Date of Award


Degree Name

Master of Science (Physiotherapy)

Schools and Centres


First Supervisor

Professor Jim Codde

Second Supervisor

A/Professor Dale Edgar

Third Supervisor

Rosemary Kendall



The development of scarring is a normal physiological response during burn wound healing for any except the most trivial of injuries. Burn scarring can cause considerable functional and psychological anguish in burn survivors. Prolonged wound healing has been shown to affect scarring outcomes. Superficial cutaneous wound injuries carry a risk of scarring and altered pigmentation after the wound has healed. The primary aim of this study was to explore the effects of topical silicone on the rate of wound healing in superficial wounds. Secondary aims included investigation of scar and pain outcomes.


This thesis presents two studies which explored the efficacy of topical silicone film-forming dressings (StrataXRT and Stratamed) in comparison to standard care. Two independent double-blinded, single-centre, randomised controlled studies were conducted, one focussed on donor sites of split thickness skin grafts (STSG) using StrataXRT, and the other, superficial partial thickness (SPT) face and neck burns using Stratamed. For both studies, time to healing (TTH) was the primary outcome of interest. Secondary outcomes included 1) scar assessments (modified Vancouver Scar Scale; Dermalab Combo and Patient and Observer Scar Assessment Scale) at six weeks and three months, and 2) pain intensity scale during dressing changes. In the donor site study, 30 eligible burn patients requiring surgery aged between 18 and 80 years with a donor site wound ≤ 3% total burn surface area (TBSA) were enrolled. The intervention, StrataXRT, was randomly assigned to one half of the donor site or a single donor site where multiple donor passes were required, within the same patient and applied underneath standard care calcium alginate dressings. In the facial burn patient study, 55 patients aged between 18 and 80 years with a non-epithelialised superficial partial thickness face or neck burns were randomised to receive Stratamed or standard care emollient for the topical management of their wounds.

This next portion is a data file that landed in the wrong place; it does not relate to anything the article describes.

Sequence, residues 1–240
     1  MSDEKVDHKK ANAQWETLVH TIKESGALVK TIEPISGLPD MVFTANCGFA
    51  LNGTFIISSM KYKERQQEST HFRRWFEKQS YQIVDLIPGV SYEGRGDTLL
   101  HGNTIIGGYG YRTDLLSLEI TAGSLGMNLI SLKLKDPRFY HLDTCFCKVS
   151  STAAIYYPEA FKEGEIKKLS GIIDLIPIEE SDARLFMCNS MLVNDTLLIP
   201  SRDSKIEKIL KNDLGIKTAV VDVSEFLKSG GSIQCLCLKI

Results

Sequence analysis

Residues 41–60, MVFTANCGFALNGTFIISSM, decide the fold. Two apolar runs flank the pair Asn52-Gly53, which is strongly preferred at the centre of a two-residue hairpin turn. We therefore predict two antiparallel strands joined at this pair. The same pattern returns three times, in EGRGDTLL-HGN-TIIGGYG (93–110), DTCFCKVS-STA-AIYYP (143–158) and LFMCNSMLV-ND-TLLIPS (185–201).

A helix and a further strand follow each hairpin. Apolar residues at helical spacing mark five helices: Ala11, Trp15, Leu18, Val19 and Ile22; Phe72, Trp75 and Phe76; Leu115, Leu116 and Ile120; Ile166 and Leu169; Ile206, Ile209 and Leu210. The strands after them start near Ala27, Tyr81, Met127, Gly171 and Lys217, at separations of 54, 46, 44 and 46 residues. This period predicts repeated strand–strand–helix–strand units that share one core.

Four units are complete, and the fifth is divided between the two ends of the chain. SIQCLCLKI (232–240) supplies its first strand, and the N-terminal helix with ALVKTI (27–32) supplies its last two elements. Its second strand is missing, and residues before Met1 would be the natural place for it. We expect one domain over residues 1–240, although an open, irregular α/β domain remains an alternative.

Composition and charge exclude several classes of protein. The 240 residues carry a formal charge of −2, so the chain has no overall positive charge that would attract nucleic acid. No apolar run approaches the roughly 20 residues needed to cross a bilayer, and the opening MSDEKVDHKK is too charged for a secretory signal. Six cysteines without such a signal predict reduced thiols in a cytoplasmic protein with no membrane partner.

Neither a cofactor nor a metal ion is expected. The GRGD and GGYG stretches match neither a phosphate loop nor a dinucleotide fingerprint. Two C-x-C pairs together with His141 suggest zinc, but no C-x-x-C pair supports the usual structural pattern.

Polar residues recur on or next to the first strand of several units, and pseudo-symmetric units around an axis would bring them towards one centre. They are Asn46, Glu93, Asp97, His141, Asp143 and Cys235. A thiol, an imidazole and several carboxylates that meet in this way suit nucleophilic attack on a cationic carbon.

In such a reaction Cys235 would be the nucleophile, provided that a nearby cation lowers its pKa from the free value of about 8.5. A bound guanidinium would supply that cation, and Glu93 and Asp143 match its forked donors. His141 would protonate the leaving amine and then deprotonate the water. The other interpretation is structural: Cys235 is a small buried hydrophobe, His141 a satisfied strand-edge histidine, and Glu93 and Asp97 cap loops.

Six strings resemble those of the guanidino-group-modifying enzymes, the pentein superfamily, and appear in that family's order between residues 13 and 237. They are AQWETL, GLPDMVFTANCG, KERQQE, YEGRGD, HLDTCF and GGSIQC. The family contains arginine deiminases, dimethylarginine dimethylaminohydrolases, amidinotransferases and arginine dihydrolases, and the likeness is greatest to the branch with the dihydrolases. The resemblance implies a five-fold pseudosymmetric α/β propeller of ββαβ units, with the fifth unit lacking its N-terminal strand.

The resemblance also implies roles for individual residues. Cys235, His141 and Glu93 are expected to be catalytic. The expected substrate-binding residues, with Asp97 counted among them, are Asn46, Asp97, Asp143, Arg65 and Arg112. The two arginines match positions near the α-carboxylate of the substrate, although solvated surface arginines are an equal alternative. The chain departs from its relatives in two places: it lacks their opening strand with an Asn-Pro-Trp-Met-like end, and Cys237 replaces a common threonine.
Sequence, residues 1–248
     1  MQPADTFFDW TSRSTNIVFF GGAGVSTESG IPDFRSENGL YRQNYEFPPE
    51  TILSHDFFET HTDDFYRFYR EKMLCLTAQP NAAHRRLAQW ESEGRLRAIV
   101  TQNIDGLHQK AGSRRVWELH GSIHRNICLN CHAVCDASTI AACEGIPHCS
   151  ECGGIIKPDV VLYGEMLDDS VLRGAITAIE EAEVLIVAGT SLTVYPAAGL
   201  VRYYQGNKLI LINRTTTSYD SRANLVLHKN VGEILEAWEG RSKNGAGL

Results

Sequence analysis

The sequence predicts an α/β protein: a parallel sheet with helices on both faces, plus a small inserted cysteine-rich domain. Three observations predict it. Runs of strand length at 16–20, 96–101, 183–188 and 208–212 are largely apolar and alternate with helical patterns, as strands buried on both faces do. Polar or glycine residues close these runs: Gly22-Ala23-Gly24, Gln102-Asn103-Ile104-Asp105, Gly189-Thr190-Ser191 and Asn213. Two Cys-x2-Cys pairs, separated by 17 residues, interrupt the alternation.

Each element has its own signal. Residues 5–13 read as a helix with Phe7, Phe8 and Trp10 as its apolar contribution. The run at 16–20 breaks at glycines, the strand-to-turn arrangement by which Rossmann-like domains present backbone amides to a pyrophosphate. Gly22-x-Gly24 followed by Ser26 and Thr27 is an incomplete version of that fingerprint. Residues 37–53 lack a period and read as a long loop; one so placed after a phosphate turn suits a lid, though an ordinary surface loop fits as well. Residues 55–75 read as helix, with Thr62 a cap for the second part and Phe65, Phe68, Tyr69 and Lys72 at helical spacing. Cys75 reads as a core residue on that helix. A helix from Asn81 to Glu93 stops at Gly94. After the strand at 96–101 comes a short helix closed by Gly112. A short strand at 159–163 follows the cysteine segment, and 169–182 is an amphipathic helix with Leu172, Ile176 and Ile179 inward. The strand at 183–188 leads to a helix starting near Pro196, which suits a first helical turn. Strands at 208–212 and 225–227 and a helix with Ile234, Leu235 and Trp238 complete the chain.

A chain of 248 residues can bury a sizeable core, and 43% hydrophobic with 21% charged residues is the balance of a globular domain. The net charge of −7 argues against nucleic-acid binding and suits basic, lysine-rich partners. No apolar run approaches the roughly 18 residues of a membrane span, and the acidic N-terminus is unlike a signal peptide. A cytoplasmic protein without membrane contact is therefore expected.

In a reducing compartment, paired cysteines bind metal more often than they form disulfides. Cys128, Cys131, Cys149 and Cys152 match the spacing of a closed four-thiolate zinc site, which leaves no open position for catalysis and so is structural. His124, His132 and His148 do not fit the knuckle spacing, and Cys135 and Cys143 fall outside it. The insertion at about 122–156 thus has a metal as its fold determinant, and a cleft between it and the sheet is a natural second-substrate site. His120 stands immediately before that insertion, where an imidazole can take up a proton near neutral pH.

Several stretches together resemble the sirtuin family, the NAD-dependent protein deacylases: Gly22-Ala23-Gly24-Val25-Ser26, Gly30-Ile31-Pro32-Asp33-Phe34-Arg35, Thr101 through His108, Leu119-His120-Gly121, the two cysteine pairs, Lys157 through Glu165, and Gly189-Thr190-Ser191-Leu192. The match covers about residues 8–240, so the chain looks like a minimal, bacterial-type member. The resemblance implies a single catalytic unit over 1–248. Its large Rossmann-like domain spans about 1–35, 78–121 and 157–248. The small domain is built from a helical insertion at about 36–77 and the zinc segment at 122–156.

Of the 30 participants enrolled in the donor study, 24 (80%) were male. Median age was 39 years with a range from 20 years to 76 years. Donor site size ranged from 0.1% to 3% TBSA. The median TTH for the intervention group was 10 days (CI 8 - 12) and the control group was 9 days (CI 8 - 10) There was no evidence of a statistical difference observed in time to healing, pain and scar outcomes. Of the 55 participants in the face/neck study, 34 (62%) were male. Median age was 36 years with a range from 25 to 47 years. The median TTH for the intervention group was 9 days (CI 7.6 -10.4) and the control group was 7 days (CI 5.3- 8.7), this result was not significant, p = 0.056. The silicone intervention group exhibited significantly reduced scar pigmentation at six weeks in mVSS scores for the intervention group (Md = 0, IQR = 0) compared to the control group (Md = 0, IQR = 0 - 3), p = 0.043. There was no significant difference in pain between the intervention group (Md = 1.15, IQR 0.3 – 4.5) and the control group (Md = 1.5, IQR 0.6 – 3.8), z = -0.63, p = 0.53. No, adverse events were associated with the topical silicone in either study.

Conclusion These studies were unable to show any clinically applicable advantage over standard care through the use of topical silicone dressings on donor site wounds and SPT burn wounds of the face and neck. The observation that silicone film-forming dressing systems were associated with a reduction in scar pigmentation and no observed adverse events warrants further studies.

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Physiotherapy Commons